Extended support for Windows 7, Windows Server 2008 & Windows Server 2008 XR expires soon. Now is a great time to upgrade.
Companies that are unable to upgrade to new systems by the end of support period — January 14, 2020 — will no longer receive security updates, leaving them vulnerable to cybersecurity attacks and out of compliance with industry standards and legal regulations. But upgrading is not as difficult as it may sound, and it’s a great opportunity to strengthen your defenses and improve efficiency.
Switching over to a newer system using Microsoft Data Migration Assistant or Azure Migrate gives you an opportunity to inventory your entire workload and infrastructure, allowing you to evaluate your current processes as well as plan and prioritize for improvements. Migrating to the cloud with Azure VM and upgrading to Windows Server 2016 allows you to ditch outdated tools and systems and get up-to-date.
Migrating to a new system is a great opportunity to:
Microsoft recently announced that the extended support for Windows Server 2008 and Windows Server 2008 R2 will no longer be available from January 14, 2020. Businesses that are unable to upgrade their systems before said date will not be receiving any more security updates, making them non-compliant to industry standards and at risk of cyberattacks. Though upgrading may sound like a hassle, this can be a great opportunity to further strengthen your defenses and employ more efficient processes.
Support for Internet Explorer on Windows 7 devices will be discontinued on January 14, 2020. As a component of Windows operating system, Internet Explorer follows the same support life cycle. You can continue to use Windows 7, but once support ends, your PC will become more vulnerable to security risks. Windows will operate but you will stop receiving security and feature updates. Microsoft is set to end extended support for Windows 7 on January 14, 2020, putting a halt on the free bug fixes and security patches for most who have the operating system installed.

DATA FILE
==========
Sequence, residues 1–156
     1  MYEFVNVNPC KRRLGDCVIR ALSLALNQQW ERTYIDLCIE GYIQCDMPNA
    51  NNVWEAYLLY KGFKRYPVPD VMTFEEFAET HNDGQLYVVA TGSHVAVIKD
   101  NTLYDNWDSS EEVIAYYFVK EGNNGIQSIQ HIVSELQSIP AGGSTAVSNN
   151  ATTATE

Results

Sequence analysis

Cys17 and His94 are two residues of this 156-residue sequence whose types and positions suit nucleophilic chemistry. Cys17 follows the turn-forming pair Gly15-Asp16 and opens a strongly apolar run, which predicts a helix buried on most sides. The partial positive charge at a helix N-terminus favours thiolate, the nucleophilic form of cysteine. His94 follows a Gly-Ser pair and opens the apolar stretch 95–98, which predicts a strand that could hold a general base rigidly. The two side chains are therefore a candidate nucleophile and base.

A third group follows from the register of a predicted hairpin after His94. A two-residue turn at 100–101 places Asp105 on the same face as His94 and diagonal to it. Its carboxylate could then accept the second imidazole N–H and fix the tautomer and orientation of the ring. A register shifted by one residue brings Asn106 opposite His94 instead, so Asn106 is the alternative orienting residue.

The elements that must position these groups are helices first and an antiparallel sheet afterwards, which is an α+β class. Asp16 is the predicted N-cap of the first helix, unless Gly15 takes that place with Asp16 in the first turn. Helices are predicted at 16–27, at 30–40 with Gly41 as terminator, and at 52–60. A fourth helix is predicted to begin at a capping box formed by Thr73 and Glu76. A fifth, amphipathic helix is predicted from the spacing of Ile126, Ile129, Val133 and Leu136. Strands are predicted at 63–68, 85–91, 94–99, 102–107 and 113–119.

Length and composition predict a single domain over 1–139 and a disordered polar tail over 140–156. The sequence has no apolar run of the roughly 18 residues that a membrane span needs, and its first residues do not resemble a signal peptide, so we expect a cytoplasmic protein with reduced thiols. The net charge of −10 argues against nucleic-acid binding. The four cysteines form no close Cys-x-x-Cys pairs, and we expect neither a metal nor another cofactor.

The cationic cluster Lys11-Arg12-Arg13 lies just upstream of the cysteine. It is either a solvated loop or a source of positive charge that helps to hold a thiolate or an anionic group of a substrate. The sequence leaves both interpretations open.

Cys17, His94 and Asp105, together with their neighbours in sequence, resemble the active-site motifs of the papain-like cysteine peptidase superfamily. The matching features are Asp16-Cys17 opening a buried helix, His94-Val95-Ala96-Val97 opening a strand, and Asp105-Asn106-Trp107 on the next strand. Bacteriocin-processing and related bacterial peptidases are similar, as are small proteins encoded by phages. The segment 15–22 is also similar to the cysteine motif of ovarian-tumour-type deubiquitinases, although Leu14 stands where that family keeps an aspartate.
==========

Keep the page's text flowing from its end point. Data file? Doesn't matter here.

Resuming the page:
Questions about Windows 7 End of Support?
On January 14, 2020, Windows Server 2008 and 2008 R2 will reach the end of their support lifecycle. This means an end to free security updates on premises, non-security updates, free support options, and online technical content updates. Users can continue to use these products, but they will be far more vulnerable to data breaches and other cybersecurity threats. Migrating to Microsoft Azure, the recommended option, includes an additional 3 years of support for security updates labeled “Critical” or “Important.” Continued use of Windows Server 2008 after the end-of-service date could also put users at risk of violating data protection compliance regulations.
Questions about Windows 2008 End of Support?
Switching to a new system can be daunting and complicated, which is why Center for Computer Resources shares the following tips to ease business owners into the process.
Make an inventory of your workloads and apps using Microsoft Data Migration Assistant or Azure Migrate. Classify each by risk, criticality, and complexity so you can easily plan and prioritize based on concerns and opportunities.
Use this opportunity to update vital aspects of your business and switch from outdated platforms. Upgrade to Windows Server 2016 for your on-premise server and migrate apps to the cloud through Azure VM.
Calibrate your technology investments to control resources, optimize expenses, and fortify compliance and security throughout hybrid cloud workloads.
Optimize on-premise systems
Upgrade servers to prepare for cloud migration
Move to the cloud
Move Windows Server 2008, 2012, and 2016 apps to Azure VM.
Reconstruct & redevelop
If you have a developer, rewrite apps using Azure PaaS or simply store on Windows Server 2016.